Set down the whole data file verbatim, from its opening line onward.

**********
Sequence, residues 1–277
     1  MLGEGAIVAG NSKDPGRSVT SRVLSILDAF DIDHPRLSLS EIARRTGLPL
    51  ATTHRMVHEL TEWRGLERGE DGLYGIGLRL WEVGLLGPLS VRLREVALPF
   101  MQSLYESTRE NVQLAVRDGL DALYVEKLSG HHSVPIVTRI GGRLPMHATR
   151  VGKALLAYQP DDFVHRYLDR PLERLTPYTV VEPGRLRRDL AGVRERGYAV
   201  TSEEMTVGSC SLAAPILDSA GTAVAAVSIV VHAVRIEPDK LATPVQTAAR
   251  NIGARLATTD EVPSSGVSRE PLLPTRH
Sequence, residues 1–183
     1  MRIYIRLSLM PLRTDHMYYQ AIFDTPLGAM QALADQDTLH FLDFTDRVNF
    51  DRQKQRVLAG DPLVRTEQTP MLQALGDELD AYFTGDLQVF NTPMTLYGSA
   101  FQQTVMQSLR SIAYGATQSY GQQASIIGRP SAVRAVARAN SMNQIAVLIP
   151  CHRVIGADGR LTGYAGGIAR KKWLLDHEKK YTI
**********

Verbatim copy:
Sequence, residues 1–277
     1  MLGEGAIVAG NSKDPGRSVT SRVLSILDAF DIDHPRLSLS EIARRTGLPL
    51  ATTHRMVHEL TEWRGLERGE DGLYGIGLRL WEVGLLGPLS VRLREVALPF
   101  MQSLYESTRE NVQLAVRDGL DALYVEKLSG HHSVPIVTRI GGRLPMHATR
   151  VGKALLAYQP DDFVHRYLDR PLERLTPYTV VEPGRLRRDL AGVRERGYAV
   201  TSEEMTVGSC SLAAPILDSA GTAVAAVSIV VHAVRIEPDK LATPVQTAAR
   251  NIGARLATTD EVPSSGVSRE PLLPTRH
Sequence, residues 1–183
     1  MRIYIRLSLM PLRTDHMYYQ AIFDTPLGAM QALADQDTLH FLDFTDRVNF
    51  DRQKQRVLAG DPLVRTEQTP MLQALGDELD AYFTGDLQVF NTPMTLYGSA
   101  FQQTVMQSLR SIAYGATQSY GQQASIIGRP SAVRAVARAN SMNQIAVLIP
   151  CHRVIGADGR LTGYAGGIAR KKWLLDHEKK YTI